Here is one reason why George W. Ball is so enormously frustrated by his fellow citizens’ lack of “odium” (in George Washington’s phrase) for American Jews, despite their “passionate attachment” to their “favorite nation”: simply put, many American non-Jews do not regard that “passionate attachment” as sinister or strange, but merely as a normal expression of solidarity, and certainly understandable given the history of the Jews from Amalek to George W. Ball. Indeed, many non-Jewish Americans, including my bass-fishing, deer-hunting, nutria-trapping friend, happen to share that “passionate attachment.”

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All in all, this book recalls an old joke. When a Viennese Jew was asked why he read the city’s anti-Semitic paper instead of the pro-Jewish Neue Freie Presse, he answered that in the latter the Jews were always being harried by Cossacks, persecuted by Romanians, fleeing as refugees, while in the former the Jews were sure of themselves, all-powerful, globally victorious. “So why should I be depressed, when I can feel like a giant?”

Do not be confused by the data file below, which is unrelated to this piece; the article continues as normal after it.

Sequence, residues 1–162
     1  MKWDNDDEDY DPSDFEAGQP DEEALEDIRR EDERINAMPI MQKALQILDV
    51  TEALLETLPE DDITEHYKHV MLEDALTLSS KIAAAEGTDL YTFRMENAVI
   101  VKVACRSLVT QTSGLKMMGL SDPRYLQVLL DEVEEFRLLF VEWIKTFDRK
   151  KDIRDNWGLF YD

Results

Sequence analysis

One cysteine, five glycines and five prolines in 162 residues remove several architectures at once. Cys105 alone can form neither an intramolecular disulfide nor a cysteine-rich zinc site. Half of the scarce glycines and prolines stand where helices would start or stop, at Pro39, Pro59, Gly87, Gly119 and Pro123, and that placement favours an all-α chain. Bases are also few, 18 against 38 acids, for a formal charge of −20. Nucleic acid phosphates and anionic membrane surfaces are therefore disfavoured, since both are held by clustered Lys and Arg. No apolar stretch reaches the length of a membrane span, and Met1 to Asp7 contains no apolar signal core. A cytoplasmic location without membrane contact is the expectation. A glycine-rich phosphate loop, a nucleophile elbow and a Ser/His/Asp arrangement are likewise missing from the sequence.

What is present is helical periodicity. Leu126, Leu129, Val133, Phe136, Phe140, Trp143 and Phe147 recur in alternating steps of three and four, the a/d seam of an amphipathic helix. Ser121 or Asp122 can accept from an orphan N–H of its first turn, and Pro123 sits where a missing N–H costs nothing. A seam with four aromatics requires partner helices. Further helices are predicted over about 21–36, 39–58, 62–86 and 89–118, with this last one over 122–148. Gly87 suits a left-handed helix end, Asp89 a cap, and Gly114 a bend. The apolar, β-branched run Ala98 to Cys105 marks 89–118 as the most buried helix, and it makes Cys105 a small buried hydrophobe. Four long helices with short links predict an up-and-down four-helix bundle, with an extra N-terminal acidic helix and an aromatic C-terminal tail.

If Israel were half so powerful as the Balls assert, it would never have needed any help from American Jews; and if American Jewish lobbying were half so effective as the Balls claim, Israel would not have had to hazard its forces in high-risk ventures time and again. It could, for instance, simply have lobbied the U.S. government to stop the Arab armies in their tracks in 1948, or to attack Iraq’s Osirak nuclear reactor in 1981.